Popular singer Yo Yo Honey Singh recently came out in the open about his struggles with Bipolar Disorder. But he is not the first celebrity who has faced challenges because of it. International names like Demi Lovato, Mariah Carey, Russel Brand, Kurt Cobain and many others have had a tough time dealing with this mental ailment. Even though the intricacies of BPD have been portrayed through films like Silver Linings Playbook, Mr Jones and Manic, only a handful of people know about it.
Bipolar Disorder is marked by the phases of intense mood swings that are generally identified by the characteristics of euphoric highs and depressive lows. While during the highs(mania or hypermania) one would feel unusually elated, extremely irritable or purposefully focussed, the lows on the other hand will render you depressed along with a lingering feeling of sadness, hopelessness and worthlessness. One of the symptoms of depressive episodes might also include lack of energy and interest and in some cases even suicidal thoughts.
Dr Sunil Nigam, a psychologist elaborated more upon different kinds of bipolar disorder, “This ailment is not as simple as it looks because there’s more than one kind of BPD. For instance, someone diagnosed with Bipolar I disorder must have gone through a cycle of at least one manic and depressive episode. On the contrary, for us to diagnose Bipolar II disorder, depressive episodes would be more frequent than the manic episodes in an individual. And at least one hypomania episode to differentiate from the former.”
He also explained that not one contributing factor is responsible for Bipolar Disorder, “Either it can be genetics especially if someone from the family already struggled with the ailment or hormonal imbalances. Often it’s an amalgamation of both. Certain cases can also be linked to a major traumatic event such as personal loss or abuse which can act as a trigger,” explains Dr Nigam.
Bipolar Disorder directly or indirectly affects not one but multiple aspects of life. Whether personal or professional, it intervenes with even the simplest of day-to-day functions like sleeping. Gagan, an 18-year-old college student shared his experiences with BPD. He shares, “I get intense headaches from racing thoughts. Racing thought insomnia and the restless legs that come with it. When I’m manic I have no appetite and also want to push myself to my limit. But it is insomnia that I really struggle with. My sleep routine gets messed up during my manic episodes.”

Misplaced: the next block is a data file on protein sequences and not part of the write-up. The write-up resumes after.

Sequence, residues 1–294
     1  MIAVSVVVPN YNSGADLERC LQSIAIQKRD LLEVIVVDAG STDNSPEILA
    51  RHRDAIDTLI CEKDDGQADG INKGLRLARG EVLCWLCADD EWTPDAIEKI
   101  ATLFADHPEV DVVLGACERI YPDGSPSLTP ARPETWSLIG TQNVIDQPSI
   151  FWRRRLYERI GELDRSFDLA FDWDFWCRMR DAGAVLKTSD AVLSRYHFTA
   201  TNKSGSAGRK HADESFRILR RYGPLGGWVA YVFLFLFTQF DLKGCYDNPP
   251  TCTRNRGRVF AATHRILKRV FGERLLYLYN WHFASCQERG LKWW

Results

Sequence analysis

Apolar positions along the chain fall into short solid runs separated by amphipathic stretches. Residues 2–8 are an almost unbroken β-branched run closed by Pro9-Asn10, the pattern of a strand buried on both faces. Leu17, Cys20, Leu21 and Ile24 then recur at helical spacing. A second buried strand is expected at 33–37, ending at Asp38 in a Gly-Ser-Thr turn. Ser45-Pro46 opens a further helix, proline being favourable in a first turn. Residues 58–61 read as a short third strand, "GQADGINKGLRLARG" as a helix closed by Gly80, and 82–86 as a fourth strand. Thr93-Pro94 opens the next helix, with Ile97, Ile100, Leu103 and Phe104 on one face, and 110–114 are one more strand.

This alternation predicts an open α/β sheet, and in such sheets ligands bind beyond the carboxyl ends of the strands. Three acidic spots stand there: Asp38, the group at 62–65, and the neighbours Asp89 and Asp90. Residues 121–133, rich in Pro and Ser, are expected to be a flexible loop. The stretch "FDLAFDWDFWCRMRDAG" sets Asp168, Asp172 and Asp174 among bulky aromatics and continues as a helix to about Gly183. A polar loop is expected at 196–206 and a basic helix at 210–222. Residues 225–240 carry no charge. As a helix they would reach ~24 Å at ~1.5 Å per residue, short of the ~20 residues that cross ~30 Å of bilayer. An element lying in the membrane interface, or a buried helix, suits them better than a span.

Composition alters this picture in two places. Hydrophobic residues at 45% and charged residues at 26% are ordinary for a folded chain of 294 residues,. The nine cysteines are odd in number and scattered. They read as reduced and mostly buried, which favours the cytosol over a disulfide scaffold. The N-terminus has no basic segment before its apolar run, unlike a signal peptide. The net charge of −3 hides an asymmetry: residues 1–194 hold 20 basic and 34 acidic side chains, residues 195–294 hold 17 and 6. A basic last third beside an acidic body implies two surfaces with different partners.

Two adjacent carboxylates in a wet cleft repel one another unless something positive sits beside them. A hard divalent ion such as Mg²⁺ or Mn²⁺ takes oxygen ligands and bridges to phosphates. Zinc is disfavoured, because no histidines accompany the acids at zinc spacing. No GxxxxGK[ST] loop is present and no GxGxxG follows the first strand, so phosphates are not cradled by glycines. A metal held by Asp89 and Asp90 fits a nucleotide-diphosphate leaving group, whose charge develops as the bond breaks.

Meanwhile, for Mariyam who was diagnosed with BPD ten years, the ailment has hampered with her ability to maintain and sustain relationships, “For a long time I have been lonely. Lack of awareness about Bipolar Disorder and the insensitivity towards my ailment is something that I have always dealt with right from my family to my friends. Thus, it’s been really hard to mantain a long-lasting relationship with anyone. Either they get freaked out by my manic/depressive episodes or simply underplay it because they lack empathy,” she expressed.
Another individual who wishes to stay anonymous recalled their struggle with actively pursuing their passion. They said, “My creativity is lost somewhere down the line. I used to write novels, play guitar/compose music, draw… But only in depression or mania. Last 3 years I’ve been stable, except beginning of 2022 when my panic attacks came back. I feel so useless because even when I’m starting to write or draw again it gets boring to me. I feel like a NPC. I miss those days when I’ve could make something interesting and unique.”
While there is no cure for Bipolar Disorder, it can be managed through therapy and medication. Dr Vivek Swarup emphasized, “Usually we prescribe medicines to alter the moods of our patients and help them with their sleep patterns. But cognitive-behavior therapy(CBT) and counselling also helps them maintain a consistent quality of life. It’s only in crucial cases do we recommend hospitalization. But there is a serious need to educate more people about Bipolar Disorder.”
Gowri Shankar, a mental-health expert shares that Bipolar Disorder is quite common as opposed to the popular belief that it only grips a handful. She states, “Our country has really opened up to treating mental health as a serious issue. But we still need to go a long way. Certain ailments like Bipolar Disorder and MPD still remain an enigma for most. Unless we know about these illnesses, how would we be able to identify the symptoms of our friends and family members? Awareness should start right from school and colleges. Just like sex education, special lecturex should be allocated on mental health issues.”
Bipolar Disorder is a serious mental health condition but with proper care, under medical supervision and some bit of organic lifestyle changes like sticking to a regular routine, opting for a healthy nutritional diet, exercising regularly, following a proper sleep schedule and reaching out for help can really go a long way in leading a normal life.
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